Extremely high frequency sensitivity in a 'simple' ear

Hannah Moir, Joseph Jackson, James Windmill

Research output: Contribution to journalArticlepeer-review

23 Citations (Scopus)
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An evolutionary war is being played out between the bat, which uses ultrasonic calls to locate insect prey, and the moth, which uses microscale ears to listen for the approaching bat. While the highest known frequency of bat echolocation calls is 212 kHz, the upper limit of moth hearing is considered much lower. Here, we show that the greater wax moth, Galleria mellonella, is capable of hearing ultrasonic frequencies approaching 300 kHz; the highest frequency sensitivity of any animal. With auditory frequency sensitivity that is unprecedented in the animal kingdom, the greater wax moth is ready and armed for any echolocation call adaptations made by the bat in the on-going bat–moth evolutionary war.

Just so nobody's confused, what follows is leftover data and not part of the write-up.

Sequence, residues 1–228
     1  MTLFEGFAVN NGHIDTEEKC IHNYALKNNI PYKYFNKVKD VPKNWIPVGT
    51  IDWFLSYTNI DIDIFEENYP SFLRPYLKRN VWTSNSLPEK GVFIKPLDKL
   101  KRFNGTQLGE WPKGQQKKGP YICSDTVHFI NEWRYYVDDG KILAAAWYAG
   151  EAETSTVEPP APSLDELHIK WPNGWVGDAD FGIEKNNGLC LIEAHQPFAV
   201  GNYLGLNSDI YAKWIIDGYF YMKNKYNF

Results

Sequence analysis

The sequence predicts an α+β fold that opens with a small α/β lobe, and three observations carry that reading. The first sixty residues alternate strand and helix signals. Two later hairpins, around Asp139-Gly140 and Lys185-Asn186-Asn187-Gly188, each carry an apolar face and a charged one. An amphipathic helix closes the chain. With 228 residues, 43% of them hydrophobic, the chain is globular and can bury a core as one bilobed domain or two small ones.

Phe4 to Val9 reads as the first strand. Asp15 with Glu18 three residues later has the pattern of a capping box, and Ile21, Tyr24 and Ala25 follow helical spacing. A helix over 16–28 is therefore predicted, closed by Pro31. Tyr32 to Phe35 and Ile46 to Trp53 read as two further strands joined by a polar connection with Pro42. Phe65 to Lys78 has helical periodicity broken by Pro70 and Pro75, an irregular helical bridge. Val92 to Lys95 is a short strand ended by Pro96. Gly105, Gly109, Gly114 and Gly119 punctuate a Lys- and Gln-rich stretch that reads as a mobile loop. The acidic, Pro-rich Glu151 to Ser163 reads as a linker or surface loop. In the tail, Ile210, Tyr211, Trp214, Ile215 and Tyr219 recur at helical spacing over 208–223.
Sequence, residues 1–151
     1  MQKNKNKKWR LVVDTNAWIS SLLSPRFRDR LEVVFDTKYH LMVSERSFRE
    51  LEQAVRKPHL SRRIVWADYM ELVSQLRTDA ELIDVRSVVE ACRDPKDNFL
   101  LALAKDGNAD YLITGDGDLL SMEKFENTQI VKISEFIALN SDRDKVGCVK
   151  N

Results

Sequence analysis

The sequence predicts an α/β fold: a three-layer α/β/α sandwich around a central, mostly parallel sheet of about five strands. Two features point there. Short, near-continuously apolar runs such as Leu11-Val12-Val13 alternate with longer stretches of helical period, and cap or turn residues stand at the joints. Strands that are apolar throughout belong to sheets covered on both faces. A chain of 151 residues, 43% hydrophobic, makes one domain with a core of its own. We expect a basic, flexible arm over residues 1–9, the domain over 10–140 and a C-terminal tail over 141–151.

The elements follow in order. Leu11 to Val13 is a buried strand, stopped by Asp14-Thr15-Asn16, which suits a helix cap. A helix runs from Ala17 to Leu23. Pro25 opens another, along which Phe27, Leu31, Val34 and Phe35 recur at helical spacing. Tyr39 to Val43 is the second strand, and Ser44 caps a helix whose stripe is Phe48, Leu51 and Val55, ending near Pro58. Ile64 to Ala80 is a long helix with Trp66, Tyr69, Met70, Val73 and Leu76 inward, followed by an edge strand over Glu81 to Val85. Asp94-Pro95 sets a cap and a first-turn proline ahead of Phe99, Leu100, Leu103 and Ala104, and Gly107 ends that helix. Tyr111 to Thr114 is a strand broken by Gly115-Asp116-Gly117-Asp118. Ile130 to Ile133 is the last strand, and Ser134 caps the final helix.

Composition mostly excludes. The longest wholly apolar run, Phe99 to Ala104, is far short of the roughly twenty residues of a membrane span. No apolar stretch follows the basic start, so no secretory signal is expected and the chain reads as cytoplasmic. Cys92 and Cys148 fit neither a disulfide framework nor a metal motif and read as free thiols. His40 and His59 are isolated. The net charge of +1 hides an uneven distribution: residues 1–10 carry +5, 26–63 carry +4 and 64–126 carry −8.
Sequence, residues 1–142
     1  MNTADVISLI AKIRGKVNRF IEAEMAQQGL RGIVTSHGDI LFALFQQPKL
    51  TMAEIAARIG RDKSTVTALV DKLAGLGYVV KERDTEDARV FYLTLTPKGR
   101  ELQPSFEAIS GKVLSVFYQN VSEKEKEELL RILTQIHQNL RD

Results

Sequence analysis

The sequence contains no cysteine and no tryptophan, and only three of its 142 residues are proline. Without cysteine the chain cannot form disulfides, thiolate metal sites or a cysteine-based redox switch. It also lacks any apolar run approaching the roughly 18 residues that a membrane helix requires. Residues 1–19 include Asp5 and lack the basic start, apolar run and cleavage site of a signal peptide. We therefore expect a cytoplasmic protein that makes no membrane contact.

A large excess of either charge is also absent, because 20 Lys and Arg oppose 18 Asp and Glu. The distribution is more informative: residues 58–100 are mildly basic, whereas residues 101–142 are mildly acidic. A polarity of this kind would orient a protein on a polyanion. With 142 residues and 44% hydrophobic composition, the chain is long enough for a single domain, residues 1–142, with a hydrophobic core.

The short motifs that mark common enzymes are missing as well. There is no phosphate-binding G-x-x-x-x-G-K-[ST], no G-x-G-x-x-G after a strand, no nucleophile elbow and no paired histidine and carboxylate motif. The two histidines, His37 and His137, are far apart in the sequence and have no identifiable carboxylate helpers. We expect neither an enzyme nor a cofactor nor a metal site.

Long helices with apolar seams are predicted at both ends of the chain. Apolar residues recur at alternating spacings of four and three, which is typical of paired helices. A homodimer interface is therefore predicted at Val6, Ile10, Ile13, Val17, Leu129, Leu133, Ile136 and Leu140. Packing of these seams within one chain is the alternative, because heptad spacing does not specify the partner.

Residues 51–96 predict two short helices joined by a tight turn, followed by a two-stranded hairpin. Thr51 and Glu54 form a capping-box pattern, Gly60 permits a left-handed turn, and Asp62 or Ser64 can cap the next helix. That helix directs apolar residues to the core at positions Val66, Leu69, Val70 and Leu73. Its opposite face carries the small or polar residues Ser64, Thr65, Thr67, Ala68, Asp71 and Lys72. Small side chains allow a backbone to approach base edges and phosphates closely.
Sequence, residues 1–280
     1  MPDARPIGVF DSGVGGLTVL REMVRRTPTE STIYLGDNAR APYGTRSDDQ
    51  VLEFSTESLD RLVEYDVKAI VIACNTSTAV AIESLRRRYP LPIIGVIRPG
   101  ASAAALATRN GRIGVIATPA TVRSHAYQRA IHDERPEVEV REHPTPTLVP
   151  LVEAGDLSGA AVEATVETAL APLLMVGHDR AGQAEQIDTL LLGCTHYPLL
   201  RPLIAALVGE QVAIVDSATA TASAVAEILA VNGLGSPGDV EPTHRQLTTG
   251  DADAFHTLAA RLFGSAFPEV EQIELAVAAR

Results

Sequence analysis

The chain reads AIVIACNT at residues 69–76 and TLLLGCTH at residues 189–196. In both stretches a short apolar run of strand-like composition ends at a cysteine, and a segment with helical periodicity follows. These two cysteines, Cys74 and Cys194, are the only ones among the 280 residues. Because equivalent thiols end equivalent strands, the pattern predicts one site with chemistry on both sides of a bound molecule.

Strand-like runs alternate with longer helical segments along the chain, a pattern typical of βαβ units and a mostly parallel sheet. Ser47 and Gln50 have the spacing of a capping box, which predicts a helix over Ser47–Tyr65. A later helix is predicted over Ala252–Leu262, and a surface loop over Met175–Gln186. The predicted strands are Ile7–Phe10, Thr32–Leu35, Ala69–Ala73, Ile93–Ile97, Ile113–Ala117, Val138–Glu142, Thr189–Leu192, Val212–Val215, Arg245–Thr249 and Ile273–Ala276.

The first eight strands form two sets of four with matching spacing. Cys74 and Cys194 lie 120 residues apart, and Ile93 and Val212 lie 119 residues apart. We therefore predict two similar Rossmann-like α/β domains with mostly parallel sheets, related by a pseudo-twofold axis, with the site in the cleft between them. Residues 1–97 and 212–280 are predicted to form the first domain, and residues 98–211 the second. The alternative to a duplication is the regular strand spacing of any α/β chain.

Original languageEnglish
Article number20130241
Number of pages4
JournalBiology Letters
Issue number4
Early online date8 May 2013
Publication statusPublished - 23 Aug 2013


  • bioacoustics
  • hearing
  • laser Doppler vibrometry
  • electrophysiology
  • tympanal organ
  • Galleria mellonella


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